Thursday, November 19, 2015

Head Lice

Unfortunately we have had a few cases of head lice in the elementary and middle schools. The presence of head lice is in no way a reflection upon a person’s personal hygiene or cleanliness.  This condition is found wherever large groups gather and can be picked up in any place upon contact with a person having head lice.  This blog is to make you aware rather than alarmed.

As a parent you can help to prevent the further spread of head lice by checking your child’s hair daily for the presence of lice or nits on the hair.  The eggs or nits attach themselves firmly to single strands of hair and may be white or brown in color.  They are commonly found at the hairline and near the base of the neck.  Watch for evidence of itching. Also, encourage your child to refrain from sharing hats or combs with other students.

Treatment is necessary before returning to school if any head lice or nits are found.  There are numerous products available for the treatment of this condition.  Your physician or pharmacist can recommend a suitable product for you.  Keep in mind that shampooing with regular shampoo is not enough.  A fine tooth comb must be used daily to remove all of the nits.  If not removed, they can hatch.  Hair should then be shampooed daily with regular shampoo followed by a hair conditioner daily.  Conditioning makes the hair slippery and difficult for the eggs to be attached.  After 7 days, a 2nd lice shampoo application is necessary. It is recommended to wash all bedding, stuffed animals, hats and coats and dry them in a dryer.

Julie Paulsen, RN-C

Chicken Pox

Roosevelt Elementary has had a confirmed case of chicken pox (Varicella) in the building.  While most students are vaccinated against Varicella before entering kindergarten, it is still possible to contract the disease, although unlikely.  Usually if the disease is contracted, the symptoms are milder than if not vaccinated.  A letter was sent home to all elementary families informing them of the positive case of chicken pox.

Symptoms of Varicella (Chicken Pox) include:
1. Elevated temperature
2. Cold or runny nose
3. Small red pustules that appear on all parts of the body
4. Headache
5. General discomfort or not feeling well
The incubation period for Varicella is 14 to 21 days (this means from the time your child was exposed it will be 14 to 21 days before the child may show symptoms of the disease).  Not all students who are exposed will get the disease. Occasionally a child will get Chicken Pox more than once.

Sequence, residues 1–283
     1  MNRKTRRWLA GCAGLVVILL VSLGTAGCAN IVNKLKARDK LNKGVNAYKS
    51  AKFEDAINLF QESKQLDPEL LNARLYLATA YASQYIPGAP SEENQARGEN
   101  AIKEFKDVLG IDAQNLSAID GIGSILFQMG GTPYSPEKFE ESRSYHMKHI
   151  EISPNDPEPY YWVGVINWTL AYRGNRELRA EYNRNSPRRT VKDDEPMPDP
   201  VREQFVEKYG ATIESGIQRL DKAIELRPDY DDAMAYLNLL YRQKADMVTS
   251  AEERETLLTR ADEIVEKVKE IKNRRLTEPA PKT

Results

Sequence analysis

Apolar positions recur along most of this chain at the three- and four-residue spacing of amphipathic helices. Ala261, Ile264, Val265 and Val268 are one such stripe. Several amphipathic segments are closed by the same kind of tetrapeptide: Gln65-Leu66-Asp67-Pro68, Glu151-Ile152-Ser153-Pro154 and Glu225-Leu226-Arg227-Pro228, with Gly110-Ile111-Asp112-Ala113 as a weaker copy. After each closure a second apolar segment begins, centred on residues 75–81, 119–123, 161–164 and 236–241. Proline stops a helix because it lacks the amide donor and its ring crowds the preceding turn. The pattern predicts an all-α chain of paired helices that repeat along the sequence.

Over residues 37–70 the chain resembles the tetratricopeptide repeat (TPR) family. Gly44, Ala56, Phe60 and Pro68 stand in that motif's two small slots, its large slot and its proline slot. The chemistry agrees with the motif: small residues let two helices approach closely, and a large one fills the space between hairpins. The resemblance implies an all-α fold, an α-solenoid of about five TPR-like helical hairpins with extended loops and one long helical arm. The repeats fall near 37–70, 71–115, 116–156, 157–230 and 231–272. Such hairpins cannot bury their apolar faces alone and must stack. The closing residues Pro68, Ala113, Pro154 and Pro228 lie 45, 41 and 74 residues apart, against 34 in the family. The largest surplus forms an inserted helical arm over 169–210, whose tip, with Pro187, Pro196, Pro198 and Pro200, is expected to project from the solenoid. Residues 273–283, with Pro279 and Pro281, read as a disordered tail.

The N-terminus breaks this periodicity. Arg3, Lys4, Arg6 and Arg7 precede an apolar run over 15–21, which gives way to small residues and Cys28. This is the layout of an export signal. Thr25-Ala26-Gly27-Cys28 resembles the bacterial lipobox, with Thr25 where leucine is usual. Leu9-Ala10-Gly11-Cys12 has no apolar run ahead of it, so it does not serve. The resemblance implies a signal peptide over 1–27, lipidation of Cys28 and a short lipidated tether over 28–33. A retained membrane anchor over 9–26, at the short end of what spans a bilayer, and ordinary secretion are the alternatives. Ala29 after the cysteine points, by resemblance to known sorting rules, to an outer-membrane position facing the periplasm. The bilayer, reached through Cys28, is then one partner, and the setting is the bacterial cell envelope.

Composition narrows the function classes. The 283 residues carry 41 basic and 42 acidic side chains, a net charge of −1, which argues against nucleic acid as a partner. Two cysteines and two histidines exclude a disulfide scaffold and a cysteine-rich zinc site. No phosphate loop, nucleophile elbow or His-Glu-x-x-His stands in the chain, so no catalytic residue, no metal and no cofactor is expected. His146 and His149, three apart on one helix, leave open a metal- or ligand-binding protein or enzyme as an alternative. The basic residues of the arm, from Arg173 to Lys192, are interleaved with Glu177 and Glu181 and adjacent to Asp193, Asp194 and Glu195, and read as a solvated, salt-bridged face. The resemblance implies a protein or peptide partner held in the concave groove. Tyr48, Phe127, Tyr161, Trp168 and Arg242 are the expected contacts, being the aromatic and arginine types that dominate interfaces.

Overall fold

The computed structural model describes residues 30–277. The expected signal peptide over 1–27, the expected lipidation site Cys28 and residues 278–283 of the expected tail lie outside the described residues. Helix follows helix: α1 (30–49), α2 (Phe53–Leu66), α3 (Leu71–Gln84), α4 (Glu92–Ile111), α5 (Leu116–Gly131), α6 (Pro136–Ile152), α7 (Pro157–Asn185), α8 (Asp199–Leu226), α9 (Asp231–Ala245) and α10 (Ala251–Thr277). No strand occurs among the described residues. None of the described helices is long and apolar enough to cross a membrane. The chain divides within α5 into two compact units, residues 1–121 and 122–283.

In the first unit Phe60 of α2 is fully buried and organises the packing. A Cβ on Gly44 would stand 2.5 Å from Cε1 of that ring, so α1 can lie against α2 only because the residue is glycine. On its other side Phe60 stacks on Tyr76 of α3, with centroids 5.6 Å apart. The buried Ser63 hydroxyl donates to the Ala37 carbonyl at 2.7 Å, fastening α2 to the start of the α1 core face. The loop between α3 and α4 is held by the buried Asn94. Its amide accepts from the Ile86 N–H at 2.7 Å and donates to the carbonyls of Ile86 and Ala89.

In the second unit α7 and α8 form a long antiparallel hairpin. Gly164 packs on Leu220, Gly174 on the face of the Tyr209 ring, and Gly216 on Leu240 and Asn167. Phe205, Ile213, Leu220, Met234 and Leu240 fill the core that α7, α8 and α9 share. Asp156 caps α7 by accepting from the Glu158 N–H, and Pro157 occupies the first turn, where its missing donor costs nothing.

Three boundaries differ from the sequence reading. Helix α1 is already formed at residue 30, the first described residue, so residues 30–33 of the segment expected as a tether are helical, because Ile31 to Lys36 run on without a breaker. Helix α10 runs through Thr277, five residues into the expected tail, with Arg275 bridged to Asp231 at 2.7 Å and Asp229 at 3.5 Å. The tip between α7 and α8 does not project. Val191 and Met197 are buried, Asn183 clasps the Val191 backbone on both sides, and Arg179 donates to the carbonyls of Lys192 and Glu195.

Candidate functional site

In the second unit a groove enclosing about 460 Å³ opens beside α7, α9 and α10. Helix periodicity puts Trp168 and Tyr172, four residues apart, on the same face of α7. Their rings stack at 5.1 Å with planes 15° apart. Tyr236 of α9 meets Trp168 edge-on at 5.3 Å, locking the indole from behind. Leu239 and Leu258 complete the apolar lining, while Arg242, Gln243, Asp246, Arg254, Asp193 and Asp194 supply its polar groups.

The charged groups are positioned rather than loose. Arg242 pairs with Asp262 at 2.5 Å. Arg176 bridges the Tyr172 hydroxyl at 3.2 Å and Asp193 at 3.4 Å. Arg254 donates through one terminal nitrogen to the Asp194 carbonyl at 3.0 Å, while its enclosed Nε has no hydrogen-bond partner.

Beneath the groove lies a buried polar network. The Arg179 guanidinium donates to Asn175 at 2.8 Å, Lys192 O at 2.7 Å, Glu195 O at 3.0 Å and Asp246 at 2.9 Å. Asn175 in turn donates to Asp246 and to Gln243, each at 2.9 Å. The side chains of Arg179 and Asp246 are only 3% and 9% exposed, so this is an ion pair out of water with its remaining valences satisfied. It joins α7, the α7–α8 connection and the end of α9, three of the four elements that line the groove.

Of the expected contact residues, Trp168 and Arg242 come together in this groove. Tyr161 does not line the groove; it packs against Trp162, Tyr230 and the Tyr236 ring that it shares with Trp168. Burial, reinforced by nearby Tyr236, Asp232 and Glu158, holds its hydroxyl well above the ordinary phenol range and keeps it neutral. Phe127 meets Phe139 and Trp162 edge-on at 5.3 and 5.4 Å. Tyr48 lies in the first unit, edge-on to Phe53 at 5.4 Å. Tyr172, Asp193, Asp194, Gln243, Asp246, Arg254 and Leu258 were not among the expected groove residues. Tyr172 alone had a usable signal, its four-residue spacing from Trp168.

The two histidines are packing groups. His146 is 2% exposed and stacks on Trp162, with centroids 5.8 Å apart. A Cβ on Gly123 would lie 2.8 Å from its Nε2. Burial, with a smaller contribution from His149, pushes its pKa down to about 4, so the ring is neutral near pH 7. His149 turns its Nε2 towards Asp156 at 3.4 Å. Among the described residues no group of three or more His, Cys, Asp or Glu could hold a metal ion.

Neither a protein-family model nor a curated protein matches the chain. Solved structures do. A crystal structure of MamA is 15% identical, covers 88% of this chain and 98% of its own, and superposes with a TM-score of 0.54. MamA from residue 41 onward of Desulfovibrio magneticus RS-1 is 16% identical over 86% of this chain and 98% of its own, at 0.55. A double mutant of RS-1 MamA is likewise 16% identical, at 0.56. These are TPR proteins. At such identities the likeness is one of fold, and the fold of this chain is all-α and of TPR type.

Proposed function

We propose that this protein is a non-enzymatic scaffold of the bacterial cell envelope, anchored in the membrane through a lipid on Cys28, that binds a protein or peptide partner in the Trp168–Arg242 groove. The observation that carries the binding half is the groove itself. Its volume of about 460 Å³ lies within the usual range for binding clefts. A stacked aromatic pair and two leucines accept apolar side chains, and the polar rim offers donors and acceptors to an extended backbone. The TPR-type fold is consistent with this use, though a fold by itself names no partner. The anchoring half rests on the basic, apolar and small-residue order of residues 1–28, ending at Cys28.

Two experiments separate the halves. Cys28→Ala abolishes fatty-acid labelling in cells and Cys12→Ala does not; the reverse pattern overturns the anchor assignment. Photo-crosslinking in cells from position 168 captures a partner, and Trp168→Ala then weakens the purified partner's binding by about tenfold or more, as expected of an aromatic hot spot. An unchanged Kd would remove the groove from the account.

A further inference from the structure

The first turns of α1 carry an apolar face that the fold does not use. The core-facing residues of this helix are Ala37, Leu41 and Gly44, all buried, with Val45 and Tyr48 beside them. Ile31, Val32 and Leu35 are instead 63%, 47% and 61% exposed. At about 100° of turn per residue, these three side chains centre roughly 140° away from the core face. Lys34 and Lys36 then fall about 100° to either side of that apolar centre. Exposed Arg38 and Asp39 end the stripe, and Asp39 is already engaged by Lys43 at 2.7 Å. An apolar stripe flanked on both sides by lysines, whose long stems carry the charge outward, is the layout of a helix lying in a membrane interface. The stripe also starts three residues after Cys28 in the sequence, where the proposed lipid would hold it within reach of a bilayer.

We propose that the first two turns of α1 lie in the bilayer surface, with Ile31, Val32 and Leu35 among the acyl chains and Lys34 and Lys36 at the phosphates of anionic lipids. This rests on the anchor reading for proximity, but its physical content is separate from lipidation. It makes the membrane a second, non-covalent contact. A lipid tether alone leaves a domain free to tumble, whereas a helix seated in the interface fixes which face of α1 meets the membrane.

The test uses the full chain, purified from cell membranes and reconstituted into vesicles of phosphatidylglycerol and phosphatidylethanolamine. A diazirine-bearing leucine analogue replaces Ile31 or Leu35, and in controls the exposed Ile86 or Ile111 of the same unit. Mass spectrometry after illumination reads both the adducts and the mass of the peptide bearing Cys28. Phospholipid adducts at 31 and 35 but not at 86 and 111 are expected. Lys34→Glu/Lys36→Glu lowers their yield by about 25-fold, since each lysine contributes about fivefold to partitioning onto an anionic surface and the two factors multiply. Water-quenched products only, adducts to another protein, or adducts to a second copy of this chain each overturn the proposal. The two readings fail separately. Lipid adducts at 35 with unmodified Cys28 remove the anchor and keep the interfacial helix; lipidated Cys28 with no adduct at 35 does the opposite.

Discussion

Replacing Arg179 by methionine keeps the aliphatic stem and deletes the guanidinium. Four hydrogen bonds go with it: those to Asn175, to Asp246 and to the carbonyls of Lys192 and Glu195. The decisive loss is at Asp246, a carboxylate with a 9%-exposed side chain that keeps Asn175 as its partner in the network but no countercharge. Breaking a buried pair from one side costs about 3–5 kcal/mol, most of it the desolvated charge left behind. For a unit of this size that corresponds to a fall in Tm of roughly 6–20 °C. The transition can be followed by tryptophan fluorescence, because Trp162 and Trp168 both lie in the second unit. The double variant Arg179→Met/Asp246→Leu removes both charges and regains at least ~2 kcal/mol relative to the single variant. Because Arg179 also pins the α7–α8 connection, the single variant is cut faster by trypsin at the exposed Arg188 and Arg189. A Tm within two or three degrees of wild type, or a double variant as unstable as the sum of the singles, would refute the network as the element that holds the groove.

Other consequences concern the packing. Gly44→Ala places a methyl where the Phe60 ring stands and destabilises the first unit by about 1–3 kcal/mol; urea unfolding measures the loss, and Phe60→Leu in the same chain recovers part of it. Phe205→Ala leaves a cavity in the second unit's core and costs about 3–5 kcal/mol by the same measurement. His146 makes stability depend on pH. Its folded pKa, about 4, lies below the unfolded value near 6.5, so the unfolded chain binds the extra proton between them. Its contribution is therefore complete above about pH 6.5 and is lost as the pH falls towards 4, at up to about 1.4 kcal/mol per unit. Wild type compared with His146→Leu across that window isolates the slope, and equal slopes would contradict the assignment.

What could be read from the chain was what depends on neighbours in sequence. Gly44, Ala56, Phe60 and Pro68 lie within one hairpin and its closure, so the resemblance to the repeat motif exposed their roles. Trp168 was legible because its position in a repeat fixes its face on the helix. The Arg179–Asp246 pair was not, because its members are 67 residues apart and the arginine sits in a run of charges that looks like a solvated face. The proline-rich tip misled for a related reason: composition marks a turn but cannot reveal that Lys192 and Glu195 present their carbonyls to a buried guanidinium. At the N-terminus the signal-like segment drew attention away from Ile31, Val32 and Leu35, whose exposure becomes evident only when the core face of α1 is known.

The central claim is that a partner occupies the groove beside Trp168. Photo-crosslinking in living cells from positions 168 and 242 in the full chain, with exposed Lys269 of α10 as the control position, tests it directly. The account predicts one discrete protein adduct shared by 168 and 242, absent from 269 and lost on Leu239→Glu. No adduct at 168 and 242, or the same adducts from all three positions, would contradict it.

If your child does contract chicken pox, please inform the staff at the school your child is attending.

**Students with chicken pox must remain out of school at least 5 days from the onset of the pocks or until all pocks are completely dry, whichever comes first.

Julie Paulsen, RN-C

From the Nurse's Office

Hello from the Cherokee School Nurse's Office.  I have had a busy start to the 2015 school year.  I am currently working to prepare for the immunization audit through public health.  We have seen strep throat, stomach flu, and conjunctivitis (pink eye) already this year in all of the buildings.  Please call me if you have any health concerns with your son/daughter.



Cherokee school district illness policy:  

  • Fever 100.0 or greater
  • Vomiting
  • Diarrhea
If your son/daughter has any of these symptoms, they are required to stay home from school and activities for 24 hours after the symptoms have gone away, without the use of over the counter medications.

Influenza is a contagious illness caused by influenza viruses. It can cause mild to severe illness, and at times can lead to death. The best way to prevent the flu is by getting a flu vaccination each year.

The symptoms of influenza include:

  • Fever (usually high)
  • Headache
  • Extreme tiredness
  • Dry cough
  • Sore throat
  • Runny or stuffy nose
  • Muscle aches
  • Stomach symptoms, such as nausea, vomiting, and diarrhea, also can occur but are more common in children than adults.

    How does the flu spread?

Flu viruses mainly spread from person to person through coughing or sneezing of people with influenza. Sometimes people may become infected by touching something with flu viruses on it and then touching their mouth or nose. Most healthy adults may be able to infect others beginning one day before symptoms develop and up to five days after becoming sick. That means that you may be able to pass on the flu to someone else before you know you are sick, as well as while you are sick.

What should I do if I get sick?

Most healthy people recover from the flu without complications. If you get the flu:
  • Stay home
  • Get lots of rest, drink plenty of liquids, and avoid using alcohol and tobacco
  • There are over-the-counter (OTC) medications to relieve the symptoms of the flu (but never give aspirin to children or teenagers who have flu-like symptom, particularly fever)
  • Remember that serious illness from the flu is more likely in certain groups of people including people 65 and older, pregnant women, people with certain chronic medical conditions and young children
  • Consult your doctor early for the best treatment, but also be aware of emergency warning signs that require urgent medical attention

How can I stop the spread of germs?

  • Cover your mouth and nose when coughing or sneezing.
  • Wash your hands often using soap for at least 15-20 seconds.
  • Throw away tissues after using them.
  • Use alcohol-based hand sanitizers when soap and water are not available.
  • Clean commonly used surfaces often (e.g., desks, handrails, doorknobs).
  • Avoid close contact.
  • Avoid touching your eyes, nose, or mouth.